Helio Cuve



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Research interests

Dr Cuve’s research seeks to understand the socio-cognitive processes that support typical and atypical face-to-face interactions abilities. Specifically, the ability to access the inner world of others’ emotions, thoughts, and mental states by observing and responding to their behavior (face/body movement, kinematics, gaze).    Ultimately, this work aims to elucidate how the brain dynamically mobilises, controls, and adjusts the experiential aspects of our interaction with the social world. By probing psychophysiological, vision, and attention processes, he aims to learn what underlying mechanisms drive social difficulties in neuropsychiatric conditions (such as autism and depression). 
Dr Cuve's PhD research has highlighted significant individual differences in these processes which carry important implications for understanding clinical heterogeneity and underscore limitations of current normative models of social cognition.
Hélios future work seeks to integrate experimental work on social cognition, face/body communication, vision, and action to understand and predict successful and unsuccessful face-to-face interactions in real-world social networks (groups) and generate insights to help those who struggle (e.g., people with autism, depression).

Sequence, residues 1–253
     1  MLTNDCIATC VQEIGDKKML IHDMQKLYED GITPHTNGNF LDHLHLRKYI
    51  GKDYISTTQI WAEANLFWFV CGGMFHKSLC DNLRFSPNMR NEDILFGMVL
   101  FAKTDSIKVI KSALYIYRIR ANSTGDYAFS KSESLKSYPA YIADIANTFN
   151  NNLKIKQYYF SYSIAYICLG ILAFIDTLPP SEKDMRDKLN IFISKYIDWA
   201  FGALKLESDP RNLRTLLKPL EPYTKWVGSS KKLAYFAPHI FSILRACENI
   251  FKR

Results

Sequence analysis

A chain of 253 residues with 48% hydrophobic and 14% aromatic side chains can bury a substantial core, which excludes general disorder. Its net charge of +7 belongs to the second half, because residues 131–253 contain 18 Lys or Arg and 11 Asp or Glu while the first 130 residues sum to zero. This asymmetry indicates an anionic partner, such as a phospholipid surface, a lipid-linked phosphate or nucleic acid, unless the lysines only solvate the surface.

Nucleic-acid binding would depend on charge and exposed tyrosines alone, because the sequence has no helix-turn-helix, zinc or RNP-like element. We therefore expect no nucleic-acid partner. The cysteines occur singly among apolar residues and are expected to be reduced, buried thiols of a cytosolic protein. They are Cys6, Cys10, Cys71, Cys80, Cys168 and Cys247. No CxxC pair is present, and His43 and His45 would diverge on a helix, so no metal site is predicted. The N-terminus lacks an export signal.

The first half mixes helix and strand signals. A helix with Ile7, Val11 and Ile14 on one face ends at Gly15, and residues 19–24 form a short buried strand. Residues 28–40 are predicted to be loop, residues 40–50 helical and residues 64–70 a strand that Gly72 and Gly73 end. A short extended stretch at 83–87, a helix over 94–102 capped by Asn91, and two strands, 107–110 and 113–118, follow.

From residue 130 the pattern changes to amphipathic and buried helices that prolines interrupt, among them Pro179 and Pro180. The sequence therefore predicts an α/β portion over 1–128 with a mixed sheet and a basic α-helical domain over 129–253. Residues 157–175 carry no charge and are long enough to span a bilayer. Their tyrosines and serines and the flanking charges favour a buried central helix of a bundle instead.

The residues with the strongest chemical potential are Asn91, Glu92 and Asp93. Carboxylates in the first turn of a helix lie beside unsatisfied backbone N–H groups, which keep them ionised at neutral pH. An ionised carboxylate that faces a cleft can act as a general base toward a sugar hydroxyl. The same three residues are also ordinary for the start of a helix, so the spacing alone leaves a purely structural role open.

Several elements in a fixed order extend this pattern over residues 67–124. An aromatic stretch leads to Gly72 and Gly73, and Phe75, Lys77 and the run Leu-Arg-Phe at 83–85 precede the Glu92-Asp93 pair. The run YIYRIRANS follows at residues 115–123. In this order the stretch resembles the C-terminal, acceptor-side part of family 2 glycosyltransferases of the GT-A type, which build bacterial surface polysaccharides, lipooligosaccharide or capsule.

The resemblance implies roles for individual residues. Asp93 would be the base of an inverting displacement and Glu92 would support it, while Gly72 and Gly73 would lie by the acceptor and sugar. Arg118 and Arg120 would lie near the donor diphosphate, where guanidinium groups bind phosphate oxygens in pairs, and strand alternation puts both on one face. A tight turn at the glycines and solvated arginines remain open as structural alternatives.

Dr Cuve completed his undergraduate degree in Psychology in 2015 at the Eduardo Mondlane University in Mozambique before  moving to Portugal as a Camões Institute Scholar, for a postgraduate in Clinical Psychology at the University of Beira Interior. In 2016, Dr Cuve was awarded a US for a Fulbright Scholarship to complete a 2-year Masters in Experimental Psychology at the City University of New York. There, his research with Professor Yu Gao investigated “emotion recognition based on data-driven analyses of arousal and gaze markers”, as well as the relationships with subclinical traits (autism, alexithymia, anxiety).
In 2018, Dr Cuve moved to the University of Oxford in the UK, for his PhD in Experimental Psychology, supported by the Medical Sciences Division, Clarendon Fund, and Kendrew Fund (St Johns College). This program included a 3-year project supervised by Professor Geoffrey Bird and investigated the “Visual and Physiological Mechanisms Underlying Emotional Processing in Autism and Alexithymia”. In 2022, Dr Cuve joined the University of Birmingham after being awarded the first Experimental psychological Society Postdoctoral Fellowship. He will work with Dr Jennifer Cook at the Autism, social cognition and bodily movement lab, to develop a theoretical model that accounts for the rich, dynamic social signals conveyed by face movements, how they are encoded, and decoded in the typical and atypical brain. 


PhD in Experimental Psychology, Department of Experimental psychology, University of Oxford, UK
MA in Experimental Psychology, Brooklyn College, The City University of New York, USA
First Class BSc (Hons) Psychology, Eduardo Mondlane University, Mozambique

Education/Academic qualification

Master of Arts, City University of New York


Award Date: 1 Jun 2018

Doctor of Philosophy, University of Oxford

26 Sep 201813 Dec 2021

Bachelor of Science



  • BF Psychology
  • Social cognition
  • Emotion
  • Social Interaction
  • Face-to-face communication
  • Visual social attention
  • Psychophysiology
  • Autism


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